Shakespeare and High Schoolers

…don’t always work well together. I’ve found that until you help kids make that connection with his language, themes, characterization, etc., many dread pulling out their books to read Shakespeare.

With this in mind, I’m always looking for new ideas to help liven up Shakespeare lessons. It is through these great teaching strategies and my passion for reading his work (and again, helping show kids the connections they can make with his work) that I have found teaching Shakespeare can be a LOT of fun for both me and the kids.

One resource that I have found VERY helpful is Mary Ellen Dakin’s book Reading Shakespeare with Young Adults. There are so many helpful topics in this book (ranging from understanding the language to reading strategies to acting out to hear [and see] the words) that my kids have really enjoyed participating in and that have truly helped bring Shakespeare’s work alive.

[note: a favorite activity is the “living pictures” (pg 158) assignment that I modified to fit in with our Othello reading. We record the groups “spins” and enjoy watching them together to add to our discussion (with some even taking it a step farther to create a video in which all of the spins are brought together to ultimately define the complexity of the characters, specifically Iago).

Also, as many of you probably already know, the Folger Shakespeare Library has TONS of resources, too!

If you’ve had success teaching Shakespeare to high schoolers (or if you are a high schooler who has found something that works for you or you have enjoyed doing!), feel free to share! 🙂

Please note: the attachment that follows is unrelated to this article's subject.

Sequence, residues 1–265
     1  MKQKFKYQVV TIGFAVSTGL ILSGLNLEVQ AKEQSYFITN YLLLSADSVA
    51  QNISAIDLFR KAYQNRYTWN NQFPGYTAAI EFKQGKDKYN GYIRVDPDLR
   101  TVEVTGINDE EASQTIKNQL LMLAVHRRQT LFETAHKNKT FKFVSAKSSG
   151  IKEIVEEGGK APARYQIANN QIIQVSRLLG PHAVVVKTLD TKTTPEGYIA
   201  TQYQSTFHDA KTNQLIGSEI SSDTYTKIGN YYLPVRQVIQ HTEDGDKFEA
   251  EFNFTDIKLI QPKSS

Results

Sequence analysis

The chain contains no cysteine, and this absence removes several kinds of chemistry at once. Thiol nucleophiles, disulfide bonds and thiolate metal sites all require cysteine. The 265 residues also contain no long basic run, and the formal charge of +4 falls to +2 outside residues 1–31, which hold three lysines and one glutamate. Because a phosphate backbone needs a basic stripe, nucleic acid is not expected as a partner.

4 thoughts on “Shakespeare and High Schoolers

  1. I teach Shakespeare to 6th graders and they love it! A few weeks ago I gave my kids a bunch of action figures, chess pieces, Lego people (whatever I could find), a pad of mini sticky notes and a synopsis for a play. In small groups they were to find a way to use the action figures (with stickies for character labels) to tell the story of their play. It was hilarious, exciting and invigorating. Watching the figures be manipulated to tell the story of Romeo and Juliet or A Midsummer Night’s Dream was so much fun. I wandered from group to group admiring how every single students was fully engaged in correctly relating the plot using their “dolls”. They internalized the stories and had so much fun they actually complained when class ended. I think high school kids deserve a chance to get on the floor and turn a Darth Vader figure into Malvolio. What say you? I also created a rap containing all of Shakespeare’s plays in order of performance. Check it out under the title “Bard Rap”. Good luck with your students. I am excited for them and for you!

  2. Long ago – a high school class decided to put Macbeth on trial – formal trial with attorneys and witnesses for both sides. He got off, but Lady Macbeth was indicted.

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